It’s rare to hear University of San Francisco political science Professor James Taylor at a loss for words. Taylor is an expert on the Black experience in America, particularly regarding the injustices perpetrated against our people since the first Africans were brought to this land in chains over 400 years ago.
Yet, when we spoke last week about the final report from the local reparations committee on which he sits, Taylor wasn’t sure how to describe what he was feeling.
“I think as a committee, myself included, we’re too close to it to really respect the, I guess the word is maybe magnanimity, of what we’ve done,” Taylor told me. “This is historic.”
San Francisco has never had a document like the one its African American Reparations Advisory Committee spent the last two years creating. Published Friday, the report, with its bold recommendations, embodies the revolutionary fight for Black reparations in America and serves as a blueprint for other cities to follow.
The nearly 400-page report dedicates chapters to how mass incarceration, discriminatory housing policies and unequal access to education made it difficult or outright impossible for Black San Franciscans to lead the lives their largely more affluent white neighbors lead.
To level the playing field, the committee’s report proposes radical solutions:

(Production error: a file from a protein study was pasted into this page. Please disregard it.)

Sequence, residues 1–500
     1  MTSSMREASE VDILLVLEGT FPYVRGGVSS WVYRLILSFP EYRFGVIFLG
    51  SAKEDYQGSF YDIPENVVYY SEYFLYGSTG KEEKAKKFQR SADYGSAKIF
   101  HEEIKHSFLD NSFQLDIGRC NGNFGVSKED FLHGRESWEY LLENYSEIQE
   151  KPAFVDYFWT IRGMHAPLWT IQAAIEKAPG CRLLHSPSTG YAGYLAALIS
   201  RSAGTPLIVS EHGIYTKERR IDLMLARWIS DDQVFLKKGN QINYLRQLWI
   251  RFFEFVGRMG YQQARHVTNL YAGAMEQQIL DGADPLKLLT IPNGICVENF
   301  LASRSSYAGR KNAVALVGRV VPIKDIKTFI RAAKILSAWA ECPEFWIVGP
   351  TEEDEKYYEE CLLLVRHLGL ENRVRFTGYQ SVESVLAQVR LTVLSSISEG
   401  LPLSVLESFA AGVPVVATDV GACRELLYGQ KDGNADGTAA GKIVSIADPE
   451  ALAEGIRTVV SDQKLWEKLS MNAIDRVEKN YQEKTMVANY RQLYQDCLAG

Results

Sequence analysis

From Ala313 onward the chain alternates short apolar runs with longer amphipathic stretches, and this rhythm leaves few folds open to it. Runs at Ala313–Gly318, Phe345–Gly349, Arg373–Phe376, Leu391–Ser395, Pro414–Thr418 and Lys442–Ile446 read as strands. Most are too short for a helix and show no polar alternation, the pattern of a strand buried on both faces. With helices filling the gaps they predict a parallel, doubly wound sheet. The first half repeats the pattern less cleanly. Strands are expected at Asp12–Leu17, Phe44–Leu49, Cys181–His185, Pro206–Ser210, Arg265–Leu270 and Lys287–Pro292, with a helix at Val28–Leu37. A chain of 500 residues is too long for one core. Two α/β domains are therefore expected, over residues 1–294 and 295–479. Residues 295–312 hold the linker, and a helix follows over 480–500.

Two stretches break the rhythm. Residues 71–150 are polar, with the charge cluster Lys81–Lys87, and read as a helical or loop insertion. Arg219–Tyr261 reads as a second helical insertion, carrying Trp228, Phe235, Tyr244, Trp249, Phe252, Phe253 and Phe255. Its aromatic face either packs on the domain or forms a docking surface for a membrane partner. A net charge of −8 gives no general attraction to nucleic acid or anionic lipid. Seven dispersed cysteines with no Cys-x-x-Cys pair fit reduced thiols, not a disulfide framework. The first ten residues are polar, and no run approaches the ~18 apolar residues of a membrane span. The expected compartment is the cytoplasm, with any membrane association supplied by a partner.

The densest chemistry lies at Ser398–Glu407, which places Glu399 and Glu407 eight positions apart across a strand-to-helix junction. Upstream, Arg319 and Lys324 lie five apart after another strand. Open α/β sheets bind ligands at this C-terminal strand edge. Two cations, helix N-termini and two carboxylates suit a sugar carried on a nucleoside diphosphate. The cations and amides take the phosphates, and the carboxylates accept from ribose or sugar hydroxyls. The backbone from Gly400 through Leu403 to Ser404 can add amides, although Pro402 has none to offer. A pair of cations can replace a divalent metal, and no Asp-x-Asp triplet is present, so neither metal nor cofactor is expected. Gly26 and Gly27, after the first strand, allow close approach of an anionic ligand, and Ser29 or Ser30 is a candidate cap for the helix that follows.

Give Black residents a clean slate in terms of debt, including but not limited to student loans, credit card debt and payday loans
Convert public housing units into condominiums with a $1 buy-in for qualifying Black residents
Make all residential vacancies of three or more months immediately available to Black homeowners or renters, particularly those who were displaced by urban renewal in the 1950s and have promissory notes — or Certificates of Preference — the city gave out at the time so they could return; Section 8 vouchers; and/or are city reparations recipients
And fully fund new African American cultural districts for 5-10 years
And yes, the $5 million lump sum payments to eligible recipients that conservative reactionaries freaked out over in the draft report made it into the final report as a recommendation.
It won’t be the only recommendation to invite controversy.
The committee also recommends the city expand a 2006 ordinance requiring contractors to reveal whether or not they or their parent companies or subsidiaries participated in or profited from chattel slavery to private companies. The same recommendation urges the city to turn a voluntary fund for these contractors to pay into to “promote healing and assist in remedying depressed economic conditions” into a requirement for these companies, though it does not call for a specific payment amount.
According to the report, Bank of America and U.S. Bank are the only companies to disclose their ties to the slave trade, when earlier iterations of the financial institutions took security interests in slaves in the case of Bank of America, or, in U.S. Bank’s case, had founders who owned slaves.